Assuming you are playing with someone else, you can also play cards into their play area or use cards they have out in play with their permission, making for some neat teamwork that is rare to see in these sorts of games.

Once each player has had a full turn to complete all their actions, the villain has their opportunity to wreak havoc. First, they’ll put threat on their main scheme, the ticking time bomb that will end the game if you’re not careful. Then, they’ll attack each hero in their costumed form and scheme against each hero in their civilian form. Finally, each player gets a card off the top of the deck, giving negative effects such as bringing out minions to fight, more plots to foil, or even activate special negative effects specific to your character.

This is getting out of hand– err, I mean, out of antennae.

This loop will continue until either all heroes are dead, the villain’s final plot succeeds, or the heroes are able to take down both forms of the villain, winning the game!

Phil: You know, for as much information as there is to take in, that seems fairly straightforward overall.

Luke: Once you’ve played through a turn or two, it’s like second nature, and you’ll find yourself wanting to play again and again, trying out all the different villain and henchman combinations, seeing how they fair at higher difficulties, and experimenting with the hero decks.

Phil: And it plays well?

Luke: Beyond well. 2-player is neat due to the aforementioned ability to give your teammate useful things and borrow their effects so players always have something to do, but 1-player is where I find this title really sings. With multiple heroes, you can kind of buff out each other’s flaws, and while enemies scale to player count, it can feel a bit easier with more folks. 1-player gives you a challenge worth pursuing, and with so many different challenges to try and how cards will trigger in wildly different ways each game, the same villain can feel just as fresh as your first playthrough.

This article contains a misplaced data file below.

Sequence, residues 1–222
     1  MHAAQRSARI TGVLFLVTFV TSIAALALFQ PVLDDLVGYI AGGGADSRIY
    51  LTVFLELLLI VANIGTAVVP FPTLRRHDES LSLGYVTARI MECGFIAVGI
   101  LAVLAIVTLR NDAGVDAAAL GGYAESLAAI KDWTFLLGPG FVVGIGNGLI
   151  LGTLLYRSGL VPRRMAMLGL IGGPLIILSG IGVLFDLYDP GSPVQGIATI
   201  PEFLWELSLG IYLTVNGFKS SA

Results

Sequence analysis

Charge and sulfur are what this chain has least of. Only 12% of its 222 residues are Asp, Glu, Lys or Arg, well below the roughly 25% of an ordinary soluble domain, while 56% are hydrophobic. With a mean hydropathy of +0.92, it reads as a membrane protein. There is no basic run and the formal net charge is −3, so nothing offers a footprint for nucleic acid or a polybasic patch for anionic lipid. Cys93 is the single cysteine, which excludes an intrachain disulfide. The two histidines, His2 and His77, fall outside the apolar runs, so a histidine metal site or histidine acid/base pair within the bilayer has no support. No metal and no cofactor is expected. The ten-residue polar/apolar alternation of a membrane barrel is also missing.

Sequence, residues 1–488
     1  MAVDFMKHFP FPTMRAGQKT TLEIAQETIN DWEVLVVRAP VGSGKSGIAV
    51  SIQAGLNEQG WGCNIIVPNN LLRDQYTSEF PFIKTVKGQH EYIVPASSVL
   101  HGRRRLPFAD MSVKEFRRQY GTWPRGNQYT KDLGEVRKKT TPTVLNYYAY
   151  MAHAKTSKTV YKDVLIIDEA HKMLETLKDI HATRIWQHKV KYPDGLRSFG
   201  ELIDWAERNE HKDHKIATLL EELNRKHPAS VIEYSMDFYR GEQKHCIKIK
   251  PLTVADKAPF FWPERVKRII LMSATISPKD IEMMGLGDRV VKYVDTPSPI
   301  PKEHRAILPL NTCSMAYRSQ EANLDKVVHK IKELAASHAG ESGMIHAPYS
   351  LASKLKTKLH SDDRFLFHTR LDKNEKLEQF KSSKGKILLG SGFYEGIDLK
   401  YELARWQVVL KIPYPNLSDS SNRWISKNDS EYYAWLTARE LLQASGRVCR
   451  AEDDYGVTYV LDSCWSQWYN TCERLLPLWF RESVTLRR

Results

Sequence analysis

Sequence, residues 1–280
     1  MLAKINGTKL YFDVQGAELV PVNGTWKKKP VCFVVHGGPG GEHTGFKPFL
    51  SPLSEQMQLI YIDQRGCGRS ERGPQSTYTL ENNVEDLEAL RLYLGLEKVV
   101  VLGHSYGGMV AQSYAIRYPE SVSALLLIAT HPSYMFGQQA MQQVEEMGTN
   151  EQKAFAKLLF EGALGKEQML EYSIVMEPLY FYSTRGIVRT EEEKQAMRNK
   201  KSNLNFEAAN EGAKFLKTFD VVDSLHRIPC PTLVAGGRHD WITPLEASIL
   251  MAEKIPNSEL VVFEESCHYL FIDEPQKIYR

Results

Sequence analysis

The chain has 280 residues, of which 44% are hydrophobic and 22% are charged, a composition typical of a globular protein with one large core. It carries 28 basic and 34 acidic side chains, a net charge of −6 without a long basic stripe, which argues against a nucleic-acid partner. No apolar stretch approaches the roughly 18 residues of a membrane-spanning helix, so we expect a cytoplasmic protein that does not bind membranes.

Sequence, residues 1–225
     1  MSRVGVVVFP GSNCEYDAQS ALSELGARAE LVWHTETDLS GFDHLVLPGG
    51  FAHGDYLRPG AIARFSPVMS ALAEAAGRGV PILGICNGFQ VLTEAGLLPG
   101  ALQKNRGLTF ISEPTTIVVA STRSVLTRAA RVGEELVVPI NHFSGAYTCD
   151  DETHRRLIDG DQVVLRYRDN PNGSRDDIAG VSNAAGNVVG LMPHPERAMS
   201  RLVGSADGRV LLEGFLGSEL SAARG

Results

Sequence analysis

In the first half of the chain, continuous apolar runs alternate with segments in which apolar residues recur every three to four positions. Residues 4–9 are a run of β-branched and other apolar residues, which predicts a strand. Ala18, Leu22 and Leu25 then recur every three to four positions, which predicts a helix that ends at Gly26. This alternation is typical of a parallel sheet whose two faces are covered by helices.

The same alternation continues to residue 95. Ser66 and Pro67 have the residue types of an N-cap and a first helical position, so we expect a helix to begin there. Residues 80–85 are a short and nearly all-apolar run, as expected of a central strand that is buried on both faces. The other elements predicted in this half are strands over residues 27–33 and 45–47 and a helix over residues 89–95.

Phil: Luke… don’t tell me this is one of your favorite games?

Luke: Let’s not get too hasty. It’s certainly one of the best 1-player games I’ve played in a very long time, and a fantastic 2-player game as well, but we’ll have to wait and see how good it is until more content is released for it. As much as this is a complete package, the deck-building could use a bigger card pool and more variability of heroes and villains is never a bad thing.

Phil: Anything else that rubs you the wrong way?

Luke: Due to the number of small rules at work, I’m still finding little things here and there that I’ve realized I’ve been screwing up, which speaks to the volume of stuff that can be found on individual cards. Certain enemy symbols are hard to remember and track, it can be easy to forget steps of your upkeep in the process of composing your extravagant, Beautiful Mind– level plan, and tokens can inadvertently cover key text that you needed to recall.

Phil: Okay, well this article already feels like a marathon, so why don’t you sum things up.

Avengers, assemble!

Luke: Marvel Champions is expensive for what it is, with FFG making off with a king’s ransom due to the popularity of the product they’re making, but for the thoughtful, intense, nuanced system at play, it’s definitely worth investing your time and cash into this. Come January, 3 new expansions are going to be released to give the game a new breath of life and will allow you to customize your game to your liking. With any luck, we’ll be covering that content down the road, but for now, this is a must-have for me and will be staying in my collection.

Gugong: Ringing in the Gu-d Times

  • Designer: Andreas Steding
  • Artist: Andreas Resch and Noah Adelman